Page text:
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In the central Texas coastal plain, the Catahoula Formation consists of a basal Chita Sandstone Member (fluvial-channel facies) and an overlying and/or laterally contiguous Onalaska Clay Member (flood-plain and levee facies). The basal unit of the Chita Sandstone is typically a channel deposit of ash-gray, conglomeratic, medium to coarse-grained sandstone in graded to poorly laminated beds containing silicified wood chips. Fining-upward sequences of moderately sorted sandstone units consist of (McBride classification): sublitharenite (42%), quartz-arenite (29%), subarkose (16%),
and litharenite (13%). Modal analyses of 41 thin sections show that framework grains consist of quartz (80%), rock fragments (15%), feldspar (5%), and trace amounts of micas and heavy minerals. Porosity of Chita Sandstone units ranges from 0 to 35%; mean percent of cement (mostly chalcedony, cristobalite, and opal) is 12.8%.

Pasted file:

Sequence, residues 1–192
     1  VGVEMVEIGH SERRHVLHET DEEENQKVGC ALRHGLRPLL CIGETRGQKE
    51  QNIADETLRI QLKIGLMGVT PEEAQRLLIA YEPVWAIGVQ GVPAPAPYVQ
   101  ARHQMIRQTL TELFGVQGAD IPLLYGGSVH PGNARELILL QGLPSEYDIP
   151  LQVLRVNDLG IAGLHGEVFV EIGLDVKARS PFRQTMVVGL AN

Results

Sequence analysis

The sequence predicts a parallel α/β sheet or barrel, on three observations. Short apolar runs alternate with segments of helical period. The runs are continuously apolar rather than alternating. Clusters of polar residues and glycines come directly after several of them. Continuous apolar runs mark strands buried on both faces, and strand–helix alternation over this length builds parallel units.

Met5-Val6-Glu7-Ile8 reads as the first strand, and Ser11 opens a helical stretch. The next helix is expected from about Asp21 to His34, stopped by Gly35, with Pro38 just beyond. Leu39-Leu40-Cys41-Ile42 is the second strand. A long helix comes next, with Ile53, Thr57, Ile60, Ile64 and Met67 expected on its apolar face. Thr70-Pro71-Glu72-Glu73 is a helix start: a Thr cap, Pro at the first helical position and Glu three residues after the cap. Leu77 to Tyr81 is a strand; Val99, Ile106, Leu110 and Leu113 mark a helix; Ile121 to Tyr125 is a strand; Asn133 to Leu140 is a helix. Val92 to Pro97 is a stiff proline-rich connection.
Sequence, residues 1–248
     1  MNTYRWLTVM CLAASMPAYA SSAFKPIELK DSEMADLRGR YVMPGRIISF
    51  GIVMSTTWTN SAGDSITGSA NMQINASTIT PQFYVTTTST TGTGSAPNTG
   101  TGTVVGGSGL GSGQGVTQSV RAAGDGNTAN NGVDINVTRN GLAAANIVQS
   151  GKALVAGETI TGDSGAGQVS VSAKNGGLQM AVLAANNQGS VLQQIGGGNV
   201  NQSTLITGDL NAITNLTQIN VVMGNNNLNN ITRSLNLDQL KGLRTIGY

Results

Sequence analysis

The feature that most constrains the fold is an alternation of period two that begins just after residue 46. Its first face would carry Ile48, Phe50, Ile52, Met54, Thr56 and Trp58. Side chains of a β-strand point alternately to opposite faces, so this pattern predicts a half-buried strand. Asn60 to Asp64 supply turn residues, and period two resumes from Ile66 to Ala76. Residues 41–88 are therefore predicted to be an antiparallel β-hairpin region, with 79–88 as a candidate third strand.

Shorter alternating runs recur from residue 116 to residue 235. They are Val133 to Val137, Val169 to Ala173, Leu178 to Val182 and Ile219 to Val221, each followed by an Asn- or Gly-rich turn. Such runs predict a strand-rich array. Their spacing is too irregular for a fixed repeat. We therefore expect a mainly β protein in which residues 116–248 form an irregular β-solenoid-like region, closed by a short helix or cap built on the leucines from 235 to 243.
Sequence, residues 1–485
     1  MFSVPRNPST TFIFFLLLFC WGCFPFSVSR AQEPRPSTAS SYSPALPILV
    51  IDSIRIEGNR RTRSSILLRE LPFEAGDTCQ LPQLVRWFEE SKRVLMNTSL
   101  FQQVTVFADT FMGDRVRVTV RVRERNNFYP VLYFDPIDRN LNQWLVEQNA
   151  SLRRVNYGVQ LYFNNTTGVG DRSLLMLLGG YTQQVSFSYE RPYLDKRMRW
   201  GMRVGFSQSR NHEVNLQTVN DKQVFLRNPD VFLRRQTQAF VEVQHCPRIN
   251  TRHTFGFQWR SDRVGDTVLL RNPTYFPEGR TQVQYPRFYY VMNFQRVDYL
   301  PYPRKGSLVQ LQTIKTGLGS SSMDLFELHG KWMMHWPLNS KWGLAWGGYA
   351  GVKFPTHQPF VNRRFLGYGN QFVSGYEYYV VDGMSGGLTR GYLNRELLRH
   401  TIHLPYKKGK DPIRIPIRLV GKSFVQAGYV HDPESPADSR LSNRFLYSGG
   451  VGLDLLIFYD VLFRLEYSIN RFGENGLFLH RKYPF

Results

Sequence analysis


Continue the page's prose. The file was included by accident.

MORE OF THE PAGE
The Catahoula Formation is unique in that it records the last significant influx of volcanic detritus supplied to Gulf Coast sediments. Volcanic contributions include (1) abundant volcanic quartz (22% of total quartz); (2) rock fragments consisting mostly of silicic shards, felsite clasts, and tuffaceous clay clasts; (3) fresh sanidine (sanidine/orthoclase ratio = 1.2); and (4) a heavy mineral suite dominated by euhedral, elongated zircons. Onalaska Clay consists of mudstone and clay-ball lithoarenite beds composed mostly of montmorillonite, volcanic ash, and quartz silt. Volcanic ash in the Onalaska Clay is a likely source of most of the uranium mineralization in contiguous sandstone units. Silica leached from volcanic ash in the Onalaska Clay has been redeposited as pore-filling seq ences of chalcedony (length slow and length fast), cristobalite, and opal cement in Chita Sandstone units.
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